What I am Learning:
Things are not quite what they seem here.
If we read the text without historical context it makes Pontius Pilate look like the reasonable "nice guy" who was forced by popular demand to crucify Jesus. This interpretation has been the basis for many racist toward Jews to conclude that the duly selected members of the Jewish nation, and thus most Jews at the time, killed Jesus.
I doubt that first century people would have read it this way because they knew two things: The Chief Priest was chosen by the Roman governor and the vestments for the Chief Priest were held at the governor's quarters. If the Chief Priest did not keep the Jewish people quiet that person would not be the alive to be the Chief Priest very long.
In other words, the Chief Priest was basically an agent for the Roman Empire, and one that would take the fall when something went wrong. They were like a political circuit breaker.
So when the story says that Pilate argued for Jesus to be released, first century Palestinians would have known the ugly truth - this was only a part of the drama of politics and that the Romans wrote the story.
Herod played a similar role. He was what is called a "client king" who served at the whim of the Roman governor, in consultation with Rome. The client kings would often do much of the dirty work for the Roman governor, who could then play the role of the "good cop" and come off as more reasonable.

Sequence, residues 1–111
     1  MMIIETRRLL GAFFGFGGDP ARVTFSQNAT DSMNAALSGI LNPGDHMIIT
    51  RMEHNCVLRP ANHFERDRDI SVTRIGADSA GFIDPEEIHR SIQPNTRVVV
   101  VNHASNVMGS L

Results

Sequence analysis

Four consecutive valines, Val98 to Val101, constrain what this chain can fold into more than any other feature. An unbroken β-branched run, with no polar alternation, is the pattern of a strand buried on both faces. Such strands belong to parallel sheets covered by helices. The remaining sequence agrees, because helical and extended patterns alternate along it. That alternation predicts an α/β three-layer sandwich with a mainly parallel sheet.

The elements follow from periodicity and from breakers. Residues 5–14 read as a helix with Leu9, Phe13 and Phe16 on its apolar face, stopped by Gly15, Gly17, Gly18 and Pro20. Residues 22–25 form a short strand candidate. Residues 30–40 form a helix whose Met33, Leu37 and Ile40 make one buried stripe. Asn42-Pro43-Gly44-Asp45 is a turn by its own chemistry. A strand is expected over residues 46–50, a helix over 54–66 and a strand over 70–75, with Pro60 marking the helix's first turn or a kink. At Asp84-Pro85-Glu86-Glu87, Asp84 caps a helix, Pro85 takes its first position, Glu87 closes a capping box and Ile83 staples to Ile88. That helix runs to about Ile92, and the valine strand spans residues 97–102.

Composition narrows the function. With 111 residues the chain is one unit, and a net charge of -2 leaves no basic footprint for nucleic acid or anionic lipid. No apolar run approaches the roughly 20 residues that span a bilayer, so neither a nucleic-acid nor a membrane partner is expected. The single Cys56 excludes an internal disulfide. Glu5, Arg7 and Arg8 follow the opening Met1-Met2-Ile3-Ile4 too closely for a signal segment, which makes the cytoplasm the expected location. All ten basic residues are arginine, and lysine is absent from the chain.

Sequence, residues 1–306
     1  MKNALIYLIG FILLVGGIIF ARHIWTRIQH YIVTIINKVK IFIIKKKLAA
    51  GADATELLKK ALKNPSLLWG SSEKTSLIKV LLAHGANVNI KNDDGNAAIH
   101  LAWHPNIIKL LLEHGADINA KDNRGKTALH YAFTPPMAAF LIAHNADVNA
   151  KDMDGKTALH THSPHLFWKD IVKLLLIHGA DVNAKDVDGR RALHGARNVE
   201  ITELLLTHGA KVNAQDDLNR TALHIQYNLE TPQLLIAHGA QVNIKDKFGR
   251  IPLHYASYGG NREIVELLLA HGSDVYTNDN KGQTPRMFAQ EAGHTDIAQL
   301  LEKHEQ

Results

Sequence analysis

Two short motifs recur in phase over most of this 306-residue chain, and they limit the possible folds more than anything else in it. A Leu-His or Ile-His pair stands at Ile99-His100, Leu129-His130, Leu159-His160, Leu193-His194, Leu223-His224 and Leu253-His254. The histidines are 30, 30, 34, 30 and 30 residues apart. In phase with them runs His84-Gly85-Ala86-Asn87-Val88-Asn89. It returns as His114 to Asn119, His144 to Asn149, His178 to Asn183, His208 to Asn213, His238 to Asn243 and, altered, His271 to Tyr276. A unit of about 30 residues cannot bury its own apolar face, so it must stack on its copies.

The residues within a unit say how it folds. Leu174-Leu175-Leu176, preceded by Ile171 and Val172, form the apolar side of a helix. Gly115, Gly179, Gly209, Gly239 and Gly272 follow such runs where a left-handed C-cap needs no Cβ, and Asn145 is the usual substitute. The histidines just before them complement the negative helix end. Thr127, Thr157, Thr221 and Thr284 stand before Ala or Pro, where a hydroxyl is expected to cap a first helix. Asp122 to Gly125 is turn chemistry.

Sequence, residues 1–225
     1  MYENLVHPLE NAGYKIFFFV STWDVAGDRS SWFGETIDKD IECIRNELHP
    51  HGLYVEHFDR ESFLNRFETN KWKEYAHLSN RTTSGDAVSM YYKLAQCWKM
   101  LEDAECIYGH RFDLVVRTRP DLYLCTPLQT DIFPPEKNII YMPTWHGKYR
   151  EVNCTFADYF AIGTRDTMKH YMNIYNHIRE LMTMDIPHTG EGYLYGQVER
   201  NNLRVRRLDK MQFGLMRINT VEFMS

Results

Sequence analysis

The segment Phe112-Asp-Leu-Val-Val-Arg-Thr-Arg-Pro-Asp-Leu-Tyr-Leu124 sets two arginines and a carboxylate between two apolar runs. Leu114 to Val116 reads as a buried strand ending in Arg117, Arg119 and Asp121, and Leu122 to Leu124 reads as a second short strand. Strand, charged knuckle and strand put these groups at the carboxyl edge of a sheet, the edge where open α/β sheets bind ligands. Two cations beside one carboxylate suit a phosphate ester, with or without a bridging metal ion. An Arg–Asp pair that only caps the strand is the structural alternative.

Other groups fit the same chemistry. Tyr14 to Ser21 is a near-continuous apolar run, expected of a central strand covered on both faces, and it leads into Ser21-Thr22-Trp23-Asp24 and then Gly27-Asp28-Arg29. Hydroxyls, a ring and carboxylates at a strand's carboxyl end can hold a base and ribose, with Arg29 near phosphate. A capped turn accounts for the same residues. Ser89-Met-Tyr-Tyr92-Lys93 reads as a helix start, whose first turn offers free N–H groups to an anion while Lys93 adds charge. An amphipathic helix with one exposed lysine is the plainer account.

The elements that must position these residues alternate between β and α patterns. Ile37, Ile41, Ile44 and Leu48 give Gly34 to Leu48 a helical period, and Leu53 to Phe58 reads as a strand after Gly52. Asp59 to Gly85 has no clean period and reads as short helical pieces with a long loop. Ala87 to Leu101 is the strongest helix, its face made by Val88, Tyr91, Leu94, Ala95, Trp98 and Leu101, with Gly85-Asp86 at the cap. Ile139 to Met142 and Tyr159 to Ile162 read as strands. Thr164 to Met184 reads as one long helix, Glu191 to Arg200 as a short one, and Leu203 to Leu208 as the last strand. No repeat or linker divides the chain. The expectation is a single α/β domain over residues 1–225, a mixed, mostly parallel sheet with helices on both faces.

The Romans also set the rules. They reserved crucifixion for revolutionaries. It was a powerful deterrent. Victims of crucifixion could suffer for days before dying of blood loss, exposure or asphyxiation. They also were often crucified naked, which in that culture shamed the ones who saw the naked person as well as the family of the crucified. They were often branded as thieves to further shame them.
Barabbas was one such revolutionary. The word "bandit" really means "violent revolutionary." Barabbas was released on this day because the occupying Roman government saw Jesus as more of a threat than Barabbas. They recognized that Jesus was doing something far more powerful than violence. He was reminding his people of their dignity as a people as bearers of a promise of another way to be human beings for all nations of the world. He practiced a nonviolent way of challenging the status quo of his day in which the hearts of his enemies were being won over.